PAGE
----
To save posting pictures, here's a link to my crude model site --- **LINK**

If you click on a picture of the Spitfire it should take you to some more via the link at the bottom of the page, and then a 'mouse over' the smaller pics should enlarge them..

It's a bit of a mish-mash site, (I'm not a programmer), and some of the links may not work, I don't update it very often.

The Dauntless is a very similar construction.

Hope it helps, as I also don't take regular build photos, or draw plans, I just build and sort of make it up as I go. (Though 60+ years of modelling may help a little).


23/11/2018 14:40:32

Just to show it did and still does fly well on only 800 watts.

22/11/2018 20:49:54

No. There are a few 1/4" square balsa longerons, the rest is mostly Depron.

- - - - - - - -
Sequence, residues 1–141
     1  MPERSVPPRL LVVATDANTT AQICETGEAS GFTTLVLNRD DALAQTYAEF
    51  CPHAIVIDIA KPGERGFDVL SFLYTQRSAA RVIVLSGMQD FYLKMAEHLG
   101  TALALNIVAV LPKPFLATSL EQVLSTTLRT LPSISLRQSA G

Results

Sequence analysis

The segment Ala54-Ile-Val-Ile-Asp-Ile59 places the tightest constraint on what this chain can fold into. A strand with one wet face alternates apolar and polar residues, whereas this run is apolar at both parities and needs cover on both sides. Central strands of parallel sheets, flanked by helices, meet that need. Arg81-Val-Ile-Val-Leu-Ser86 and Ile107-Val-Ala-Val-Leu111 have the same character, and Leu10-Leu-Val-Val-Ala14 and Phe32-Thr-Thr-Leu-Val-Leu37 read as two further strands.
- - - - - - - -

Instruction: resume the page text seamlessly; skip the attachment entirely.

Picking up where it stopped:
Thread: Aldi 3d printer
22/11/2018 19:51:50

I have a Prusa 3D printer.

Have a really good think about why, and what you would use one for. You will also need to a fair amount of 3D CAD design work before you can print, or download other peoples files and print them.

Printing takes time, a lot of time. Parts for a plane, part fuselage or wing can run into hours.

Most of the time mine is collecting dust, I often find I can make the object by hand much quicker that I can create it in CAD.

That said, they can be an interesting hobby in their own right, but there is a lot to learn.

Just giving a heads up from my point of view. Many already CAD users will probably have a slightly different view. Though I was a CAD engineer before retiring.


Thread: Don't just stand there, get one up!
22/11/2018 19:37:38
Posted by Martin McIntosh on 09/11/2018 19:31:41: